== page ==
CRS - new levels of global tax transparency

The Common Reporting Standard (CRS) is a global system that allows different countries to share information about the taxes that they collect, to contribute to a cross-border view of who should be paying what tax.

Over 100 countries have now signed up to this system. Banks and other financial organisations from these countries are required to pass on information about their clients, creating a picture of tax liability that the world has never seen before. CRS is a step change in the war on tax evasion.

If you would like to understand how CRS will affect you or your clients

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UK taxpayers act now

Are you a UK taxpayer with global interests? In March 2017 HMRC published draft legislation requiring anyone with offshore interests to 'correct' their tax plan by 30 September 2018 or face hefty penalties.

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Which countries are participating?

As the world became more global, a forum was established to exchange tax information by the Organisation for Economic Co-operation and Development. Very few countries are holding out and not signing up to CRS. Click here for the latest OEDC list of which countries are signed up to share information on their taxpayers.


Who is affected by CRS?

If you are considered resident for tax purposes in a country that has signed up to CRS, and you have global interests in another participating country, you need to think about your tax plan.

Your bank, your insurance company, trust company or provider or other financial advisor will pass information about your finances via the central portal. This data will be used to identify anyone who might have evaded or avoided tax in one of the 100 or so countries, or who might have made a mistake and missed a tax liability.

Think carefully about whether this might affect you. If you are a director or a shareholder in the UK running a company established offshore, CRS will affect you. If you are a beneficiary or trustee of an Channel Islands trust, CRS will affect you. If you donate to a charity that manages sizeable investments that are externally managed, CRS will affect you.


Does this affect me if I do not have any assets overseas or interests in overseas entities?

No. You should be aware though that there are a number of personal and criminal penalties relating to non-compliance in tax matters that also apply to purely domestic tax situations.

Is it just information from bank accounts that will be shared?

No. The data collected will relate to any financial account, and where a person has an interest of some kind in structures such as companies partnerships and trusts. Insurance companies, trusts and trust providers (TCSPs), investment entities and anywhere that will look after your money for you will report on your financial data.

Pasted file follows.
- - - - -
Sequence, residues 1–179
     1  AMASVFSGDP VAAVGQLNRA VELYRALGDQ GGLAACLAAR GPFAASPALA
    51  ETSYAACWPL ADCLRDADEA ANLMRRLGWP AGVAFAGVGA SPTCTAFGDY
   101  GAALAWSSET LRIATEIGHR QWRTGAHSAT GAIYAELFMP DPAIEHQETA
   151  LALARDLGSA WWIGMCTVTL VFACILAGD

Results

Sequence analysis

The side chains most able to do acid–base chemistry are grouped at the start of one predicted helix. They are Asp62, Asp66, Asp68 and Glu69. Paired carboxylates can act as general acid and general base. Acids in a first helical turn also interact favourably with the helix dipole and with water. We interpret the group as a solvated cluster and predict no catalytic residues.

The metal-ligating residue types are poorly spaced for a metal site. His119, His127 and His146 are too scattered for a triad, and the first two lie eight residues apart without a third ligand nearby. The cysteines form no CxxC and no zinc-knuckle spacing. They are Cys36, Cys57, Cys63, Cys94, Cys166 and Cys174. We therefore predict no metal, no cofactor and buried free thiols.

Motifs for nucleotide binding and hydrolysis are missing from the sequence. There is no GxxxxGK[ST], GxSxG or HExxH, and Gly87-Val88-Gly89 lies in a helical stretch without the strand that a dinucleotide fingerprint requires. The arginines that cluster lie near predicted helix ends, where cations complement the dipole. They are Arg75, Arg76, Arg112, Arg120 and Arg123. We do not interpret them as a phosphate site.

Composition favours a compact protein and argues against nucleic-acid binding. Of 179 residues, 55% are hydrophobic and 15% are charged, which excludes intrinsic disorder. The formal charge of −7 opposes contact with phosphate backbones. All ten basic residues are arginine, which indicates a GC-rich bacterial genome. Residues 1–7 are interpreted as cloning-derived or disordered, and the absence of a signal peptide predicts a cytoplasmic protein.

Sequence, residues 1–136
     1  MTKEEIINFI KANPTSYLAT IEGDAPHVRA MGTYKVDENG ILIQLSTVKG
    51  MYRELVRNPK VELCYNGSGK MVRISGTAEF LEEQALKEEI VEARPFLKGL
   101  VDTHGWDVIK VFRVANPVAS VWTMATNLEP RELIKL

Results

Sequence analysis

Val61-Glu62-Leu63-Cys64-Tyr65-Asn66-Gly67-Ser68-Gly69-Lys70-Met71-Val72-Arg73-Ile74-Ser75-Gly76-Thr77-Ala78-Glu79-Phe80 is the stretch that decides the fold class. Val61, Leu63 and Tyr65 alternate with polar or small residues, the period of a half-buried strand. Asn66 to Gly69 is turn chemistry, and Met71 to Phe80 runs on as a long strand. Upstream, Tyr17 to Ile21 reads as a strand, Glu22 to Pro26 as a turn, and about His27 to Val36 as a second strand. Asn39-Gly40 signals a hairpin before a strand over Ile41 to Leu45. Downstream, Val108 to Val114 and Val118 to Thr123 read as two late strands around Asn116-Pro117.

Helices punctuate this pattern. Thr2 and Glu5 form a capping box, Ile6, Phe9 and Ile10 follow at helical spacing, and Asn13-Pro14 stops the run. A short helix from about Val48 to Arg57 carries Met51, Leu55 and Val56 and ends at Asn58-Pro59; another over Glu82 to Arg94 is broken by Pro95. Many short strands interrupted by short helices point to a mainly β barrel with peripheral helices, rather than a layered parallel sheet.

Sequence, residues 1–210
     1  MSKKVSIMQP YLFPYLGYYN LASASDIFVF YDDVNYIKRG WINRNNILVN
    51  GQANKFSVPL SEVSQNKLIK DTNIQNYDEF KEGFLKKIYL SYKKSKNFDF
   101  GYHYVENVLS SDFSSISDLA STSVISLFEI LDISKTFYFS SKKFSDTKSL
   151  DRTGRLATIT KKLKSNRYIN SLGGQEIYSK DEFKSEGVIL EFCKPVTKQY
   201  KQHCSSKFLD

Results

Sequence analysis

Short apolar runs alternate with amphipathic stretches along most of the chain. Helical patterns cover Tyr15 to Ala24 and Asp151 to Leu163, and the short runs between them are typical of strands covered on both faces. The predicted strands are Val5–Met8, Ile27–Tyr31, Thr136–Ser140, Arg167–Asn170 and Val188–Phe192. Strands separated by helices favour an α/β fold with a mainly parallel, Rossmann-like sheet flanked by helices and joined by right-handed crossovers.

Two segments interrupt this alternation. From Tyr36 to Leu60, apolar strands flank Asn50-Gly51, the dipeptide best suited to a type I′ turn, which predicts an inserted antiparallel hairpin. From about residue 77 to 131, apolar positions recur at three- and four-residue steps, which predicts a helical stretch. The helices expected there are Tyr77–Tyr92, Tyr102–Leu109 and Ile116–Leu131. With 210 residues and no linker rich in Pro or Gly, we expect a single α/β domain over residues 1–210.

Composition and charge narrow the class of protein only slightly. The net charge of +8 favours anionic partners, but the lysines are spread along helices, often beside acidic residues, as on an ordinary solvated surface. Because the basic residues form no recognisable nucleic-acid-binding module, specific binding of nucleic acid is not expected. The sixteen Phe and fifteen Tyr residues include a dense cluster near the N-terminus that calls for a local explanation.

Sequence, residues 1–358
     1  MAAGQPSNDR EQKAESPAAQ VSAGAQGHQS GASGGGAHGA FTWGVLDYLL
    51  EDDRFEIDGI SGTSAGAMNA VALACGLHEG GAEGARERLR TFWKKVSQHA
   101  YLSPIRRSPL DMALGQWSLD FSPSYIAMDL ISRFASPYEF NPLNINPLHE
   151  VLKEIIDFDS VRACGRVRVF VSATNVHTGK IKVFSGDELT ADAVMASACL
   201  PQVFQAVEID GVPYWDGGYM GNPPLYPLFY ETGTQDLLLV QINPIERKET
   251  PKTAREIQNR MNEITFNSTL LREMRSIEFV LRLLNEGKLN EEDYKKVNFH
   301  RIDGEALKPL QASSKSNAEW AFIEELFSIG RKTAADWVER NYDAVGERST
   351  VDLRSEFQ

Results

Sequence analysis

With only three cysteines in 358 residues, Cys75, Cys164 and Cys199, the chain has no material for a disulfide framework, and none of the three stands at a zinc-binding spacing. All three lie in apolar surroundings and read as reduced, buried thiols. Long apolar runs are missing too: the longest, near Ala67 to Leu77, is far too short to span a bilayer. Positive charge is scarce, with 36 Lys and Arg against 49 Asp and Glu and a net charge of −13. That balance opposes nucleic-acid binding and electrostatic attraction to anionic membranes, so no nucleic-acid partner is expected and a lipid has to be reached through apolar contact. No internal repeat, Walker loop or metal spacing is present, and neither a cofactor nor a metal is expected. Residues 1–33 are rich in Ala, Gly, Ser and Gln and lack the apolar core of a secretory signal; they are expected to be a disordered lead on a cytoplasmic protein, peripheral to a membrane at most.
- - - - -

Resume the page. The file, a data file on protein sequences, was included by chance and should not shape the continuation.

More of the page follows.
HMRC refer to their ‘straightforward online disclosure facility’. Should I do this?

The disclosure facility may be the right answer for some cases and in general it is better to make a voluntary disclosure than wait for HMRC to find out and pursue you as the latter route is bound to involve greater penalties. Criminal penalties are also possible. However, there are significant penalties relating to the disclosure facility and we would urge you to take advice either from us or your accountant or both before making contact with HMRC.

The CRS sounds like a gross breach of privacy. Is there any way to protect my information or prevent it being transferred?

On the face of it no. However a number of people are raising the serious privacy concerns with, for example, the EU. The EU data protection body has issued warnings about the possible effects and breaches of data protection legislation. If you have real concerns that reporting could cause you harm please talk to us as our reputation management team are working on this topic.

Do we know when the UK legislation (the ‘requirement to correct’) will come into force?

No date has yet been set but we expect that it will be in the Finance Act which is to be brought before Parliament in the autumn. It is likely to take effect from 2018. In any event it relates to breaches which occurred in the past and so any such breaches should be dealt with as soon as possible.

What about charities?

In the UK, charities will count as ‘financial institutions’ under CRS if they typically derive more than 50% of their income from investments, and where the trustees have given discretionary management over to external investment firms. Click here to read our latest guidance for charities.

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Financial institutions implementing CRS

This is obviously a major compliance task, and particularly challenging for smaller to mid-sized organisations and for some of our charity clients. You need to tell your clients clearly what is happening – it is essential that they are informed. In the UK, HMRC have provided a specific timeline for organisations to communicate with their clients about CRS by. We are working with institutions to help them and their clients correct any tax irregularities, or to communicate with their local tax authority advance of time.

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